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At the start of the Cretaceous Period, the sea level was 25 metres above now and by the mid-Cretaceous the seas were 200 metres above now with no polar ice caps.
The Tethys Ocean separated Laurasia (north) from Gondwanland (south).
A Saxon settlement at Botolphs on the river Adur north of Shoreham dates from the mid-5th to the mid-6th century AD.
Antler pottery dies and evidence of sunken huts were discovered.
However, at first their numbers were small in comparison to the native population.
The Saxons in this area became known as the South Saxons.
Their agricultural practices are likely to be have been similar and the differences between the two cultures may have been overemphasised by some historic writers.
Speculation: my estimate of the number of Saxons to settle in Sussex in the first wave of settlements to vary between 2 people of all ages, or about 0.25% to 5% of the the native Romano-British and Welsh population.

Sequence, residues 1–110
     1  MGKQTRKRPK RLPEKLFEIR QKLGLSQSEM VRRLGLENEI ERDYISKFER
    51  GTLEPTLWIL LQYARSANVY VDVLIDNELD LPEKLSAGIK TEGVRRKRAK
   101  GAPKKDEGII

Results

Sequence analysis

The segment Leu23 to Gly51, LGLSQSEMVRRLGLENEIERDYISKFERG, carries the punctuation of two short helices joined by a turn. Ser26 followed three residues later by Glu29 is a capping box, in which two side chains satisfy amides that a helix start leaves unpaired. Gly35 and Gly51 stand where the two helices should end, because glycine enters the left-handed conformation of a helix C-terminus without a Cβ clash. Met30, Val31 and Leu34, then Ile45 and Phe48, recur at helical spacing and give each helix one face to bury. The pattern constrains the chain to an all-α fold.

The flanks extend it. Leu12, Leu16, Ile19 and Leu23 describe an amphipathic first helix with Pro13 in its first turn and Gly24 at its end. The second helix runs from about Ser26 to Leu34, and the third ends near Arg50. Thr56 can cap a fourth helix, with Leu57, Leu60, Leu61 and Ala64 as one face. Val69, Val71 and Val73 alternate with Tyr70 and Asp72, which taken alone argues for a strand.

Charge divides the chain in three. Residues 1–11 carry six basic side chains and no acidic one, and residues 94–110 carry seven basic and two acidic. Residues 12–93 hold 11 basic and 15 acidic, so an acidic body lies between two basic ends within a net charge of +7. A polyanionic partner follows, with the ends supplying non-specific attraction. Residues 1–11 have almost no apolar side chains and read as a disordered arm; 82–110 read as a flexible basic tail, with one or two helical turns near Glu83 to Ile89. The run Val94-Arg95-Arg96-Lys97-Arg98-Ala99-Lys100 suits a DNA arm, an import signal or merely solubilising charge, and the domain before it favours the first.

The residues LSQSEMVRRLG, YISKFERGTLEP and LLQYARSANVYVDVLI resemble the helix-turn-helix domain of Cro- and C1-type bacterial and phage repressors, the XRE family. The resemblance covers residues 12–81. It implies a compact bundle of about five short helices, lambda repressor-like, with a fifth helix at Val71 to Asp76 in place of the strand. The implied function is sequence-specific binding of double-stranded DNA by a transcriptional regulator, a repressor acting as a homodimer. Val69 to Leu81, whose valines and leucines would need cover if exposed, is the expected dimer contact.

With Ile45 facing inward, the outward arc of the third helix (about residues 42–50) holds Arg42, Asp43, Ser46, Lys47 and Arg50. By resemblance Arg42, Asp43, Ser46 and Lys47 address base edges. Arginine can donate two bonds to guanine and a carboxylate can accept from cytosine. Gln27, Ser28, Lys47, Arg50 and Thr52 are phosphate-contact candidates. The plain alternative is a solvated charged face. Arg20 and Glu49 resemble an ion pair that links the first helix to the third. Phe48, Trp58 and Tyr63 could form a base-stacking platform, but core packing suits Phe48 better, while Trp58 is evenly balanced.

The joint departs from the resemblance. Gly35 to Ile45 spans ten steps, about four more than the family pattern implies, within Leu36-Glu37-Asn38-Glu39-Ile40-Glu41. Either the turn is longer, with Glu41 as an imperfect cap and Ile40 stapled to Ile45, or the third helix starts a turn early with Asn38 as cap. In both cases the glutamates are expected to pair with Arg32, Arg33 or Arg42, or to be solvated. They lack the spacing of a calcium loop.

They were the hybrid people that have been rubber-stamped as 'Saxon'!These coins were dated at the late third century AD.The coins were dated as far back as AD 221 until the latest date of AD 274. 514) accompanied by three sons Cymen, Wlenca and Cissa landed from Gaul (France) (more info).Later (491) they besieged Anderitum (now Pevensey) and killed all the Britons (Bret) living there.The town to the west of Shoreham is called Lancing from Wlencing#, and a few miles further to the west, Cissbury Ring acquired its name (at a later date) from Cissa.The culture and language of the South Saxons were similar to the Old Saxony, hence the name Saxons, although Germanic tribes is perhaps a better term.(This general description excludes the settlers of the area near Hastings in East Sussex.) German archaeologists refuse to label any cultural complex in northern Germany as "Saxon".There were so many different tribes in this area during the Migration Period that they refer to these artefacts as belonging to a "Mixed Group" instead.Where a British archaeologist rubber-stamps an object as 'Saxon', a German archaeologist might see influences belonging to the Chauci, Suebi, or Frisian tribes.Seven Ages of Britain (Channel 4 television) says: DNA male white chromosome evidence says that between 50% and 90% of the current native English population was Germanic in origin.I think this means Angles and Saxons, perhaps Vikings. It is difficult to separate Saxons from Romano-Britons, so separating Angles & Jutes (from modern day Denmark, that settled in East Anglia etc.) from the Saxons from the Weser-Elbe area, now known as Niedersaschen in Germany (south of the Frisian Islands, cities of Bremen and Hanover) from the Franks (no positive record of settlement in Sussex of these Germanic tribes living in Gaul) is not certain.